“Everything he touched he made better'.” --Historian Lonnie Bunch.
The celebration held at Bethany Baptist Church in Newark, NJ, on November 14, 2014, honored the city itself as much as it did the life of historian Clement Alexander Price, who passed on November 5.
Political leaders such as Newark Mayor Ras Baraka and New Jersey Senator Cory Booker (D–N.J.) expressed similar observations about the great educator following his death. So did members of the community at Rutgers University where he taught, fellow associates on President Barack Obama’s Advisory Council on Historic Preservation, administrators at the Smithsonian Institute, and those at the National Endowment for the Humanities.
A Prodigiously Productive Life
Dr. Price’s exhaustive list of accomplishments includes co-founding (with the late Giles R. Wright) the Marion Thompson Wright Lecture Series in 1981, taking on the directorship of the Rutgers Institute on Ethnicity, Culture, and the Modern Experience, chairing the New Jersey State Council on the Arts from 1980 to 1983, and authoring some four books on different aspects of American and African-culture, including Freedom Not Far Distant: A Documentary History of Afro-Americans in New Jersey (1980). Despite his own demanding schedule and prodigious output, as various speakers at his funeral service attested, Price somehow made time to accommodate requests from those who needed some fragment of his genius to lend weightier substance and dignity to their specific projects. Along those lines, he contributed a foreword to Encyclopedia of the Harlem Renaissance (Facts on File), and an essay to the book Small Towns, Black Lives: African American Communities in Southern New Jersey (Noyes Museum of Art), both published in 2003. On behalf of the citizens of his beloved Newark, he accepted the title of City Historian near the beginning of 2014. In an official entry into the U.S. Senate record, Sen. Booker noted Price’s capacity for giving to others as well as his dedication to Newark:
“…He served not only as our leading historian, but as a powerful spiritual force in our state’s largest city. He was invested in Newark, and – ever generous with his time - was known to arrange tours for visitors that highlighted not only the city’s rich history, but its considerable promise. Clem always recognized the vital truth that charting a brighter course for the future requires a comprehensive understanding of the past.”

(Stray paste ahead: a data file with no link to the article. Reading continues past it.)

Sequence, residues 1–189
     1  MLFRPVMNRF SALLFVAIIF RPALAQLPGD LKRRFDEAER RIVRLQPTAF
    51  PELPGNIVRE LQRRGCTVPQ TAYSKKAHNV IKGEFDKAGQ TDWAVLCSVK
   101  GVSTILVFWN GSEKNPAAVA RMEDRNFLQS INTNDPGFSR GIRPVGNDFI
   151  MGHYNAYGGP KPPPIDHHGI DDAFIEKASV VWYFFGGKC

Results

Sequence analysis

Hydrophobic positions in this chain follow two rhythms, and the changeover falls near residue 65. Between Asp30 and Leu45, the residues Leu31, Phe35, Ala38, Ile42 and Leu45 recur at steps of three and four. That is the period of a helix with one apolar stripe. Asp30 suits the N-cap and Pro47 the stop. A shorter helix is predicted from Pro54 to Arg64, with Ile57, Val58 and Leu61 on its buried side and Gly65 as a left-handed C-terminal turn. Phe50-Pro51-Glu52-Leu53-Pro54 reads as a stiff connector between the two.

Among the most compelling commentators at the service for Price was Mayor Ras Baraka, whose impassioned poetic delivery evoked memories of his poet-playwright father, the late Amiri Baraka. Mayor Baraka credited Price with helping to shape his political and social vision of Newark:
“…Newark is one of America’s oldest metropolises that wears the scars of Western democracy all over her face, tragically beautiful, complex and proud. If you stop on our streets for a second and listen, you can hear Clem’s voice, beckoning us, forcing us all to deal with each other.”
Moreover, in his official statement as mayor following the announcement of Price’s death, Baraka announced the following:
“…Our celebrations of Newark’s 350th Anniversary in 2016 will be a tribute to his love of Newark and his vision of its greatness as our nation’s third-oldest city. He defined the transformation we are making to turn Newark into a City we can all believe in.”
The acknowledgements of Clement Price’s highly-prized singular genius for intellectual scholarship and down-to-earth compassion were so deeply compelling––drawing tears and laughter alike––that one is left wondering why more of the world did not share in more of him. Possibly that would have spoiled the unique pure-gold rarity of his academic and spiritual gifts. Possibly it would have removed him too far from the reach of those whom Pastor Moses William Howard referred to as the “little Clement Prices” that God will send and “who will usher us into this city’s great future.”
Words Sung, Spoken, and Written
The song “There is a Balm in Gilead” sung in his honor by the powerful baritone Kevin Maynor, and Norman Lewis’ brilliant rendition of “Oh What a Beautiful City” were perfectly executed double salutes that could have referred as easily to the historian’s release from the physical world as they could have to the vision of Newark’s rebirth viewed by many as the centerpiece of his legacy.
Chancellor Nancy Cantor’s description of Price as “a speaker of grace and a narrator of hope,” historian Lonnie Bunch quoting his mother’s declaration of him as “the patron saint of Newark,” student Andrea Barton Reeves acknowledgement of her “beloved teacher… a man of immeasurable integrity,” Price’s cousin Randall Kennedy’s description of him as “a cultivator of grace,” and the words of numerous others combined to produce something rarely seen publicly in America in the year 2014.
Their spoken and written words offered as tribute to Dr. Price produced a portrait of a black man who had been unreservedly cherished for the contents of his character and the balanced weight of his once-living presence on Earth. The contrast was a brutally stark one compared to the images and implications that followed the deaths of so many black men in America in 2014. Whereas the tears shed for numerous others this year have been from inconsolable aggravated grief and political outrage, those wept for Clement Alexander Price were clearly tears of joy and gratitude.
Contemporary award-winning author of classically-styled works in history, poetry, creative nonfiction, speculative fiction, and journalism.